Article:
Emory Report
January 20, 2009
Volume 61, Number 16



Emory Report homepage  

January 20
, 2009
Moved to serve by Martin Luther King Jr.

Carol Gee is an editor for Goizueta Business School.

As this year’s Community Service Awards Program in memory of the Rev. Dr. Martin Luther King Jr. occurs, America will have installed its first African American president. For me in particular, and for many African Americans in general, the nomination of Barack Obama has demonstrated that while we still have a ways to go before we can truly say that we have “overcome” as a race, it gives us hope that maybe we are moving in the right direction.

In adopting “Dreaming with the Courage to Act” as this year’s theme, the King Week awards program will again recognize those individuals and organizations that not only envision solutions to the inequities that characterize the world in which we live, but those whom, like President Obama, possess the courage to act, and to persevere in the face of extremely challenging circumstances.

My membership on what is fondly called the MLK Committee segued via my role as assistant to the founder and chair of the first-ever Rollins School of Public Health MLK Program in 1993. This initial program was conceived to provide the opportunity for the RSPH family to reflect and learn from the work and teachings of Dr. King.

That first year, I assisted with every aspect of sponsoring a program for the very first time. This involved creating the invitation list which included inviting individuals from all over campus, the Centers for Disease Control and Prevention, and individuals from the greater Atlanta community. I secured the program site, coordinated program logistics, oversaw the reception, and managed the program budget.

Still high from the success of that initial program, the following year I assumed even more responsibility (if that was possible!) and rallied faculty and students across the school to participate. Around that same time, I also became RSPH’s representative to the University’s MLK Holiday Observance Committee, which meant reporting on our school’s activities and ensuring they were included on the University-wide Holiday Observance Calendar.

In 1999, the Rollins School of Public Health partnered with Goizueta Business School to co-sponsor what over the years transitioned into the Community Service Awards Program. The program recognizes those members in our community who raise awareness, and impel action that embody the values articulated by Dr. King. Upon accepting my current position at Goizueta, I soon became its University representative as well.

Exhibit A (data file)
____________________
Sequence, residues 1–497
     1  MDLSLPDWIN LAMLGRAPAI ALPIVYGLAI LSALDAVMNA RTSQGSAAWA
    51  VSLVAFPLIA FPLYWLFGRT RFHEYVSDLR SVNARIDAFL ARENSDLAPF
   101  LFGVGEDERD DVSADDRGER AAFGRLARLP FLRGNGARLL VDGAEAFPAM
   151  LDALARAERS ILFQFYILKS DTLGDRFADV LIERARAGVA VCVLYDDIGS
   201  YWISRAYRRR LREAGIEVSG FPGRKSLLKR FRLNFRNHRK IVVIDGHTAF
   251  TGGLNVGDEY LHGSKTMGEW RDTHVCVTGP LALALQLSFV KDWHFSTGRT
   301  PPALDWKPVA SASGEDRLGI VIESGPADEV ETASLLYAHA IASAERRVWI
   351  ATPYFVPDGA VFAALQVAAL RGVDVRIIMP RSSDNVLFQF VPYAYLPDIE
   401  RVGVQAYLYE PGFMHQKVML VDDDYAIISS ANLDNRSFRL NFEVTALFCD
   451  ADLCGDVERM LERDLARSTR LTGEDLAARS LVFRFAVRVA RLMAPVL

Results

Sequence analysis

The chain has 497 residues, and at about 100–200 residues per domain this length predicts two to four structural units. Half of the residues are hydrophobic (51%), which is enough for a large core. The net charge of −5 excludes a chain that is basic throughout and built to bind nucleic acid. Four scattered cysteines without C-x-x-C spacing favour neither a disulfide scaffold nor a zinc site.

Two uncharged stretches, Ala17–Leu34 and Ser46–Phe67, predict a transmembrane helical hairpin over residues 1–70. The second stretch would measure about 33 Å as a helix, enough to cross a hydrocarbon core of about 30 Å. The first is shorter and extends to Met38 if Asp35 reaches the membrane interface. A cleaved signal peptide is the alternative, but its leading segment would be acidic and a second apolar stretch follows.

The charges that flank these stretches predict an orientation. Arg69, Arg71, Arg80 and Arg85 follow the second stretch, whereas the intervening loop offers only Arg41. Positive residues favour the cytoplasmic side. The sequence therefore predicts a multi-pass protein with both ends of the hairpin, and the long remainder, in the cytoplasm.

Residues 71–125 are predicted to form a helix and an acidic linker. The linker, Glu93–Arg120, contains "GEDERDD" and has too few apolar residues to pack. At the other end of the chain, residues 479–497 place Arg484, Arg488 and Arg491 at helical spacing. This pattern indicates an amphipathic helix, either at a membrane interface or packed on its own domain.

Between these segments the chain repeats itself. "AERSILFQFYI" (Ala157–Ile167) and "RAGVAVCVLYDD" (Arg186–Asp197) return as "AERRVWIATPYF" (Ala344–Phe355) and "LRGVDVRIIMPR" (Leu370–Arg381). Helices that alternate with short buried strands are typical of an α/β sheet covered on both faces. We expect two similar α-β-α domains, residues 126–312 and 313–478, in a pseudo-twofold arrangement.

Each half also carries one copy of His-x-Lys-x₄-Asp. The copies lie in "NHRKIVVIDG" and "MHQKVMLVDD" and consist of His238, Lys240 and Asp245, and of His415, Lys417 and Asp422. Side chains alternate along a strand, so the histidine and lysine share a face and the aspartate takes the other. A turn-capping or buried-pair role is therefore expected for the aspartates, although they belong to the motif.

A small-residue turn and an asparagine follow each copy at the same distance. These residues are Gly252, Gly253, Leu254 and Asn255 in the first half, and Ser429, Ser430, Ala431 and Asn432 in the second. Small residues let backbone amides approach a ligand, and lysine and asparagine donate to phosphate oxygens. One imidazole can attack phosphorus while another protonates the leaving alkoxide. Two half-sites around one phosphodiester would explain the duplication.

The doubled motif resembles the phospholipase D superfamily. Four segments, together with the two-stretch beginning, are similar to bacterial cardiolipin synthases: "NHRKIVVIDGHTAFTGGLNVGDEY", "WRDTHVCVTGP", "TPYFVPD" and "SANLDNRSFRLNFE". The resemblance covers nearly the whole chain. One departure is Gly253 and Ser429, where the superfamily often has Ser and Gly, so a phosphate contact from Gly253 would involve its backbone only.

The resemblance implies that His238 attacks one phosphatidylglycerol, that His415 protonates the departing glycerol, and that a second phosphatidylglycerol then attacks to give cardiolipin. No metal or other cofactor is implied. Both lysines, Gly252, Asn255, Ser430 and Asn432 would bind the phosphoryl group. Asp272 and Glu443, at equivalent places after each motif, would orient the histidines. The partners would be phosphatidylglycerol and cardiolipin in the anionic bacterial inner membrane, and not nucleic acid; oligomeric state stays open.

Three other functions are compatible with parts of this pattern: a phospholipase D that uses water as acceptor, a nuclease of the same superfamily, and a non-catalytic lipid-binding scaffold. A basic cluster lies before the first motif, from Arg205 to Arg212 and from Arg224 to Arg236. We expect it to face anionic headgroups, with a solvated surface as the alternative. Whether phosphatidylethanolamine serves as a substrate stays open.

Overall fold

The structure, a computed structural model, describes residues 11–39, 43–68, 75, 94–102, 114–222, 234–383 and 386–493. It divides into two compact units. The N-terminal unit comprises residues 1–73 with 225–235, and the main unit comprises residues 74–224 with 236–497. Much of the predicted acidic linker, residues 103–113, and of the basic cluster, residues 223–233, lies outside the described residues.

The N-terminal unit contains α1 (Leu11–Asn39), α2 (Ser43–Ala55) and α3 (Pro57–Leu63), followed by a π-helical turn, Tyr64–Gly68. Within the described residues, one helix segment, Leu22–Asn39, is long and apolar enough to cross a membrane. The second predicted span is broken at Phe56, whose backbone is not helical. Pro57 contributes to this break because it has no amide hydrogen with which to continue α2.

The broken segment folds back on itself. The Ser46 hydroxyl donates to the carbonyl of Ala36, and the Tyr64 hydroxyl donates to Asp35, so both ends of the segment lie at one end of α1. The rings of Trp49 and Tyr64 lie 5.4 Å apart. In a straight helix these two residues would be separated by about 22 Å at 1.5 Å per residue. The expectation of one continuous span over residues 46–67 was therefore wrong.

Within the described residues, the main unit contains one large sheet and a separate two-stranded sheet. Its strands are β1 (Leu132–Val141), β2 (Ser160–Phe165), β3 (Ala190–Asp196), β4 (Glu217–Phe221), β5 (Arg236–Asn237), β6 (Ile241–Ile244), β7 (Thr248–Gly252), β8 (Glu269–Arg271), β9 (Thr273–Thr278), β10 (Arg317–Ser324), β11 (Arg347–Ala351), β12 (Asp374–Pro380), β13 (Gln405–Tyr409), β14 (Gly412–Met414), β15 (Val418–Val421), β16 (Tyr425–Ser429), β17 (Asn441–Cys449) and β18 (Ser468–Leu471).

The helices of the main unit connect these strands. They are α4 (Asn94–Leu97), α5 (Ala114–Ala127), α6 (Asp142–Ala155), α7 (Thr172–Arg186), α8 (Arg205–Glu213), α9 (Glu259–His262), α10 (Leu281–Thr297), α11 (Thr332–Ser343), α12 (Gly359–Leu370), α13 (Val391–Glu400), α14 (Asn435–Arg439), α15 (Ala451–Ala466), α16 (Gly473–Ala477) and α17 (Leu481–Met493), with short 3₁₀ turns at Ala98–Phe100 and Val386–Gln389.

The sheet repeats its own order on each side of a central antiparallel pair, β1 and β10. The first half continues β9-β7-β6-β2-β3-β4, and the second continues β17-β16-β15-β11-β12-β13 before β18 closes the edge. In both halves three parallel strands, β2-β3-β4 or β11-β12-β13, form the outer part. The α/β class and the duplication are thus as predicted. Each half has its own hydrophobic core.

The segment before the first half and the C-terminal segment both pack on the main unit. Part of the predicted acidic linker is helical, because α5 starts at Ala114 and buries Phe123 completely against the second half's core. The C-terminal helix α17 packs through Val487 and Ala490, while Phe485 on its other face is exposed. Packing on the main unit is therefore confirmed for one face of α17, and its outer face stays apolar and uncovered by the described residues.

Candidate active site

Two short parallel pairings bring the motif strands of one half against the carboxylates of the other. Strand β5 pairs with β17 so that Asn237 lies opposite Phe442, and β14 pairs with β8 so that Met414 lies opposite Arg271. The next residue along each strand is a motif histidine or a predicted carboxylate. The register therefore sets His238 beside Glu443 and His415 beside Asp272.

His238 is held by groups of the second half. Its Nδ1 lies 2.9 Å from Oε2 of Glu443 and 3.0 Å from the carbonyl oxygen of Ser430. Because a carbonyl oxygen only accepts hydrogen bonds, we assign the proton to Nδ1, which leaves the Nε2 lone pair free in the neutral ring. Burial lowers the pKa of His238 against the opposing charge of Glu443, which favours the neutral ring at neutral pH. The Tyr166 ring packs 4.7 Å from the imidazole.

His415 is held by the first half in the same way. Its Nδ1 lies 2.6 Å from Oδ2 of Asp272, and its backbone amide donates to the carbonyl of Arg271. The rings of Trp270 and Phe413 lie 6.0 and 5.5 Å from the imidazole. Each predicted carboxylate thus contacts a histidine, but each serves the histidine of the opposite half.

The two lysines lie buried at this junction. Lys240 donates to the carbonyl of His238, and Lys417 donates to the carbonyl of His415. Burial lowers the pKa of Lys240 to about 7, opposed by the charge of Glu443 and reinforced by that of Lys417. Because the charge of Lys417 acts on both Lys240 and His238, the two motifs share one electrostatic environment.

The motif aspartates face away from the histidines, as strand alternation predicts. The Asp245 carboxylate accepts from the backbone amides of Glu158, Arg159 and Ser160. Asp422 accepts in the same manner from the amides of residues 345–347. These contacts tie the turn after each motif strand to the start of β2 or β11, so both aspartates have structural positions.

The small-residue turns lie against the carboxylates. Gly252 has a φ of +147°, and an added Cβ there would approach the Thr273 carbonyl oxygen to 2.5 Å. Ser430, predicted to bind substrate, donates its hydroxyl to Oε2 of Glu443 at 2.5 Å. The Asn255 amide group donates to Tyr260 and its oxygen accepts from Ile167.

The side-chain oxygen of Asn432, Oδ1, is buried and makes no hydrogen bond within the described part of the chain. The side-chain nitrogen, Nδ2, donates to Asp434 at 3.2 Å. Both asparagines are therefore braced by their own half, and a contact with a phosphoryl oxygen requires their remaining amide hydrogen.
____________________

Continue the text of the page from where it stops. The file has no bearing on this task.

Over the years I’ve been called “the sustainability link” between the past and the present for an event that has evolved in reaching out to recognize those innovators of change within our community. I humbly accept this accolade, while a little voice inside wonders: hey, are they saying that I’m old?

As I reflect back on the 15-plus years that I had the privilege of serving on both of these committees, my love and respect and commitment have remained steadfast. In truth, serving on these committees has renewed my own personal commitment to fighting stereotypes, ageism and sexism, which I hope that I am doing by “paying it forward” as a mentor, and writing books and articles that empower girls and women to celebrate their humanity.

Dr. King once said, “Everybody can be great because anybody can serve. You don’t have to have college degrees to serve. You don’t have to make your subject and verb agree to serve. You only need a heart full of grace. A soul generated by love.”

So I invite each and everyone to serve on a committee like the MLK Holiday Observance, or attend or participate in the myriad programs on campus or in the Atlanta community. I guarantee that you’ll be inspired; even energized. Perhaps you too will discover your own bliss. I have.